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This column is part of Globe Careers' Leadership Lab series, where executives and experts share their views and advice about leadership and management. Follow us at @Globe_Careers. Find all Leadership Lab stories at tgam.ca/leadershiplab.

The first 90 days is your "get ready" period when employee fears are assuaged, your values are declared and the picture of the journey you intend to take the organization on is painted for everyone.

It's a vital time for you to get traction.

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Here are some waypoints to guide you.

Be seen

Your office time should be no more than 25-30 per cent of the time you have available. Employee expectations of you are high; they will have trepidations of how well you will fulfill your role.

You have to be on stage; you need to make an appearance. You don't have to be perfect and have it all figured out. Just show up; be forthright and honest.

Spend a disproportionate amount of time with the frontline

They are the experts on customer service issues, product defects, broken brand promises and systems problems that prevent customers from being delighted with the organization.

Their feedback should guide you in the priorities you set.

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Hold as many employee communications sessions as you are able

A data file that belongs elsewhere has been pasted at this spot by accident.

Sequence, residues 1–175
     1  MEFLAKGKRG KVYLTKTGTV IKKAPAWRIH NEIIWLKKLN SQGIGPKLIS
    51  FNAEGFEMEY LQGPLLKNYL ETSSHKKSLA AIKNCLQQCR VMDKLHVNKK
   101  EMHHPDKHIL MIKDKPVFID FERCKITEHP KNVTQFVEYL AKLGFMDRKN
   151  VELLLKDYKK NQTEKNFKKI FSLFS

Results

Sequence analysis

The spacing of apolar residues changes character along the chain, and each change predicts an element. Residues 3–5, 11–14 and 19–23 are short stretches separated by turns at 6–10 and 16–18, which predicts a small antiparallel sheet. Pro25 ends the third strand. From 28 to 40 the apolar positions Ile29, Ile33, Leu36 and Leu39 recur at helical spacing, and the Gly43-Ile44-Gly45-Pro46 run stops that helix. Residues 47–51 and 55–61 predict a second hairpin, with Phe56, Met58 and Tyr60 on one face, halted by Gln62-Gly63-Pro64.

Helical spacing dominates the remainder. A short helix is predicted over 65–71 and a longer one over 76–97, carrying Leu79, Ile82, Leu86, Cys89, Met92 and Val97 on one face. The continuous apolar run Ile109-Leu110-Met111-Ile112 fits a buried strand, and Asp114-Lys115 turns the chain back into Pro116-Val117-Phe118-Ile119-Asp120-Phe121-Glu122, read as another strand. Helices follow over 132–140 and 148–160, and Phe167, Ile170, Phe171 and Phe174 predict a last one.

Make it a huge priority. Have a conversation about your leadership plan for the organization.

Get feedback; listen and take notes.

"Fingerprint" the values you hold sacred; leave no doubt in anyone's mind who you are and what you stand for.

Go it alone

This is 90 days in the trenches to reach your own conclusions, not conduct state visits. Leave your entourage with their biases at home. You can't afford to have them around you.

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Empower people to tell you the way it is without existing management being an influencing factor.

Assuming you understand the current strategic plan of the organization (if you didn't it would be unlikely you would be a successful candidate for a leadership position) conduct your own informal audit on how effectively it is being executed

Where are the weaknesses? Where is performance lacking? Your leader score will be determined by how well you get things done, so get data that will point you in the right direction.

Analyze how top line revenue is trending

Revenue is a market indicator of how customers value your products and services. Revenue trends tell whether you are growing or declining in customer relevance.

Take the analysis to a detailed level in order to have a firm understanding of opportunities and vulnerabilities.

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At the end of the 90-day period, announce your intention to formally review the current strategic game plan of the organization

Base your decision on the feedback you have received from employees and other performance diagnostics you uncovered. Make the review theme a response to what you've learned during the 90 days and employee feedback; the challenges they have expressed.

As a new leader, you will never get your first 90 days back.

Make them count.

Roy Osing (@RoyOsing), former executive vice-president of Telus, is a blogger, educator, coach, adviser and the author of the book series Be Different or Be Dead.

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